Let \(S=C\times Q\), \(G:=[A,\ -B]\), \(w=[x\ y]^{T}\), \(b=[0\ 0]^{T}\). Then
$$G^{*}G= \begin{bmatrix} A^{*}A & -A^{*}B\\ -B^{*}A & B^{*}B \end{bmatrix} ,\qquad P_{S} \begin{bmatrix} x\\ y \end{bmatrix} = \begin{bmatrix} P_{C}x\\ P_{Q}y \end{bmatrix}. $$
Thus,
$$\begin{bmatrix} x_{n+1}\\ y_{n+1} \end{bmatrix} =P_{S} \left( \begin{bmatrix} x_{n}\\ y_{n} \end{bmatrix} -\rho \begin{bmatrix} A^{*}A & -A^{*}B\\ -B^{*}A & B^{*}B \end{bmatrix} \begin{bmatrix} u_{n}\\ v_{n} \end{bmatrix} \right) $$
and
$$\begin{bmatrix} u_{n+1}\\ v_{n+1} \end{bmatrix} =2 \begin{bmatrix} x_{n+1}\\ y_{n+1} \end{bmatrix} -\begin{bmatrix} x_{n}\\ y_{n} \end{bmatrix} . $$
Therefore, we get the conclusion of Theorem 4.2 by using Theorem 4.1. □

In Theorem 4.2, if we set \(H_{2}=H_{3}\) and B is the identity mapping on \(H_{2}\), then we can obtain a new algorithm and related convergence theorem for the split-feasibility problem.

Corollary 4.1

Let \(H_{1}\) and \(H_{2}\) be real Hilbert spaces. Let C and Q be nonempty closed convex subsets of \(H_{1}\) and \(H_{2}\), respectively. Let \(A:H_{1}\rightarrow H_{2}\) be a linear and bounded operator with adjoint operator \(A^{*}\). Let Ω be the solution set of the split-feasibility problem (SFP) and assume that \(\Omega\neq\emptyset \). For \(k>0\), suppose ρ satisfies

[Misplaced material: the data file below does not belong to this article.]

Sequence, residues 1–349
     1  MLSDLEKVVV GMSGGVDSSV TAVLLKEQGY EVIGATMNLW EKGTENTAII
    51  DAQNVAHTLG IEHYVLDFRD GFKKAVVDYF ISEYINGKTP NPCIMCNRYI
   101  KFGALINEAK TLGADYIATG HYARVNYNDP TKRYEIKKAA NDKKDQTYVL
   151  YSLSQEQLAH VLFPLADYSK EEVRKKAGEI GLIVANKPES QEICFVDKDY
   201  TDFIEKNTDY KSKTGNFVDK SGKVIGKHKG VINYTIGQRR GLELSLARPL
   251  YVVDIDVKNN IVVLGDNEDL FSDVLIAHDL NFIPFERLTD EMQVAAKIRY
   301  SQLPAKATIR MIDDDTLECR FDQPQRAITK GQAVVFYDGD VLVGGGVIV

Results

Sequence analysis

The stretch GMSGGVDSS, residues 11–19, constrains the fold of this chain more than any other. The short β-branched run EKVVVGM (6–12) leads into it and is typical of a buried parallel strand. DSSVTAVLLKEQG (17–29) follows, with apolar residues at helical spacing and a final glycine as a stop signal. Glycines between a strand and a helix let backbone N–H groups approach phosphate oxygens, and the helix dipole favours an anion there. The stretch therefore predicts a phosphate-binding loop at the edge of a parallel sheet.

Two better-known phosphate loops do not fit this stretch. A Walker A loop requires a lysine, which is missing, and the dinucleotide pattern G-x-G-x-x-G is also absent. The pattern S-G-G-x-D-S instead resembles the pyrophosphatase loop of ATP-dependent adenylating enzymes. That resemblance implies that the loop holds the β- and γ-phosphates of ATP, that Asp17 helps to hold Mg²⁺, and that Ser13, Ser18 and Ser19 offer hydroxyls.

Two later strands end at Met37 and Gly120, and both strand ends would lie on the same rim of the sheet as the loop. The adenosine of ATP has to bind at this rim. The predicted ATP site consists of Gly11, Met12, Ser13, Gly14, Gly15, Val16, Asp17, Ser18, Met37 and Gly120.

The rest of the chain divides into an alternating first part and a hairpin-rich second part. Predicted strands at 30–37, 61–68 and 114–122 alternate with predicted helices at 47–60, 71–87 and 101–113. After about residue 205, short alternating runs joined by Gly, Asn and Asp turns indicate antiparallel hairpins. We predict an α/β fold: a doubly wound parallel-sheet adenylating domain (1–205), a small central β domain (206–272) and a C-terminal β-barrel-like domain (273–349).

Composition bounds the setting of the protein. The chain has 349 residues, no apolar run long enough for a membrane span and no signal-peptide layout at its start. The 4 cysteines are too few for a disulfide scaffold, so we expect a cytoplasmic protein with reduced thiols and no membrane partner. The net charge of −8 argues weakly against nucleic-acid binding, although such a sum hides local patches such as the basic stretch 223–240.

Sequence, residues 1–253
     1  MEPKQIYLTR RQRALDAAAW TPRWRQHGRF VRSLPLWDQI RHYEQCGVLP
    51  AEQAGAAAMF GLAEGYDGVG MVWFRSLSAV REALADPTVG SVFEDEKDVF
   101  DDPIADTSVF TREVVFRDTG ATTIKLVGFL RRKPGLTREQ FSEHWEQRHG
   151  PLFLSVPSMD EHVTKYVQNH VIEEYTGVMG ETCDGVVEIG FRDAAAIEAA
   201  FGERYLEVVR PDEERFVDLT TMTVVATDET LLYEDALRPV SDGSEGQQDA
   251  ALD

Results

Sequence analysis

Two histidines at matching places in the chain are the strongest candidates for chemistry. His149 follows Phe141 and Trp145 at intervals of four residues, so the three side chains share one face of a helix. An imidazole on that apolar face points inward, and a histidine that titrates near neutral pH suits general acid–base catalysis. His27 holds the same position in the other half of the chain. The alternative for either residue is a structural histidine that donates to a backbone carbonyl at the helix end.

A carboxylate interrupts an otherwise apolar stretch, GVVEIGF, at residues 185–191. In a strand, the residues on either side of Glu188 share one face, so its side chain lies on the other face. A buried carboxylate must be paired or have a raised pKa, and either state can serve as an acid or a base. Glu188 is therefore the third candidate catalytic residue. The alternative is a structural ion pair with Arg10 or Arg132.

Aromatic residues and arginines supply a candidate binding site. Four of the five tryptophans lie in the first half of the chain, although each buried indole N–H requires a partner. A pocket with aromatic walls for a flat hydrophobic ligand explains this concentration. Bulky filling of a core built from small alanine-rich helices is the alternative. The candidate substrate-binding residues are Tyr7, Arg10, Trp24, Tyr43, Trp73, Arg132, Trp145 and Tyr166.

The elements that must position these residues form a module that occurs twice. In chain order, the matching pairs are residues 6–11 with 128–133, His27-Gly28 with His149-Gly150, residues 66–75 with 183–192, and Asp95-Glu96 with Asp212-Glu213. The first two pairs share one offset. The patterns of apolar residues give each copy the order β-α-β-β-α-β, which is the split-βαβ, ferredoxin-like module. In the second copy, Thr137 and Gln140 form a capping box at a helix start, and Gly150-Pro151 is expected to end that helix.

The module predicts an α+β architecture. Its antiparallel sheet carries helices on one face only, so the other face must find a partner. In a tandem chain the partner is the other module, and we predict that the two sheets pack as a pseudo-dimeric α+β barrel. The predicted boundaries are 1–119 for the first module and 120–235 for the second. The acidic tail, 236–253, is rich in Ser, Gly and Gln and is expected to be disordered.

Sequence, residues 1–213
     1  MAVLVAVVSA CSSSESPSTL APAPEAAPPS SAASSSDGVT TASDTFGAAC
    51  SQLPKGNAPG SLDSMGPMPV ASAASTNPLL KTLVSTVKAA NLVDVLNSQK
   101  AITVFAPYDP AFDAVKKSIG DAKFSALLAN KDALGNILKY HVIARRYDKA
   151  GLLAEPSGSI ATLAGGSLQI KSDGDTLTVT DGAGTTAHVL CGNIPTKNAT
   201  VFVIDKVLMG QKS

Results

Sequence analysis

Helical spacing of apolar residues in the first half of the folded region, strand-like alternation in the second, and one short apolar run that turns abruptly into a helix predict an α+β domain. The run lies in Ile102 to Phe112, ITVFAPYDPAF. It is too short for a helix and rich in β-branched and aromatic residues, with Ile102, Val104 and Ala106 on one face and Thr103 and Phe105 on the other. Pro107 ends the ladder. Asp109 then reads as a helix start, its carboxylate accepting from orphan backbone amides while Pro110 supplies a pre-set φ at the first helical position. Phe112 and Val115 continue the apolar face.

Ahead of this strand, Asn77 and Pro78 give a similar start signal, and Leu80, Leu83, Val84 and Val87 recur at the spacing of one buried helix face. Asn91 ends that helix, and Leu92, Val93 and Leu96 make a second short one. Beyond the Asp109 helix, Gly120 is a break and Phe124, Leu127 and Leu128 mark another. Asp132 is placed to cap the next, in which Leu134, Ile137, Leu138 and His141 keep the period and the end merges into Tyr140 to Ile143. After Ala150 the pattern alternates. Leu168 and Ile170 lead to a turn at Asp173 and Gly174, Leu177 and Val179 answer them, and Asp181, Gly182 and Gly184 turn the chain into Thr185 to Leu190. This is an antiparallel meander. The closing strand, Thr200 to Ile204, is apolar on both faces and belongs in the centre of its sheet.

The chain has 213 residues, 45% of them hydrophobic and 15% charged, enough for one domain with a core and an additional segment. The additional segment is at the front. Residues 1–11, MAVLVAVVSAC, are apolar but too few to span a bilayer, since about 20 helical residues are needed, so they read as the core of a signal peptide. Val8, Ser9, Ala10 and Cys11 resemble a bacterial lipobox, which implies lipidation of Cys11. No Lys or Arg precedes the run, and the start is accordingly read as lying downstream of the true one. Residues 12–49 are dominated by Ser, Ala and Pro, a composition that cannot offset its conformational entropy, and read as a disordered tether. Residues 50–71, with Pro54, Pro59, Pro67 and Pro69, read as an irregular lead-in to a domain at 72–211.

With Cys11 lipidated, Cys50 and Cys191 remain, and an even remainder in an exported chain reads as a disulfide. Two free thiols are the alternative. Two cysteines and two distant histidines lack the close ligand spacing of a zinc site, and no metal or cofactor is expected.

$$0< \rho< \min \biggl\{ \frac{\sqrt{k}}{(1+\sqrt{k})\cdot ( \Vert A \Vert ^{2}+1)},\frac{k}{(k\sqrt{k}+\sqrt{k}+1)\cdot( \Vert A \Vert ^{2}+1)} \biggr\} . $$
Let \(\{x_{n}\}_{n\in\mathbb{N}}\) and \(\{y_{n}\}_{n\in\mathbb{N}}\) be defined by
$$ \textstyle\begin{cases} x_{1}\textit{ and }y_{1}\textit{ are chosen arbitrarily in }H_{1}\textit{ and }H_{2}, \textit{ respectively},\\ u_{1}=x_{1},\qquad v_{1}=y_{1},\\ x_{n+1}:=P_{C}(x_{n}-\rho A^{*}(Au_{n}-v_{n})),\\ y_{n+1}:=P_{Q}(y_{n}+\rho(Au_{n}-v_{n})),\\ u_{n+1}:=2x_{n+1}-x_{n},\\ v_{n+1}:=2y_{n+1}-y_{n},\quad n\in\mathbb{N}. \end{cases} $$
(4.3)
Then there exists \(\bar{x}\in\Omega\) such that \(\{x_{n}\}_{n\in \mathbb{N}}\) converges weakly to . Further, \(\{y_{n}\}_{n\in \mathbb{N}}\) converges weakly to Ax̄.

Remark 4.1

The results in this section are different from those in the references. For example, one may refer to [25], Theorem 2.1.

Remark 4.2

From the results in this section, we know that the split-equality problem is a special case of the split-feasibility problem. This is an important contribution in this paper since many researchers thought that the split-feasibility problem is a special case of the split-equality problem.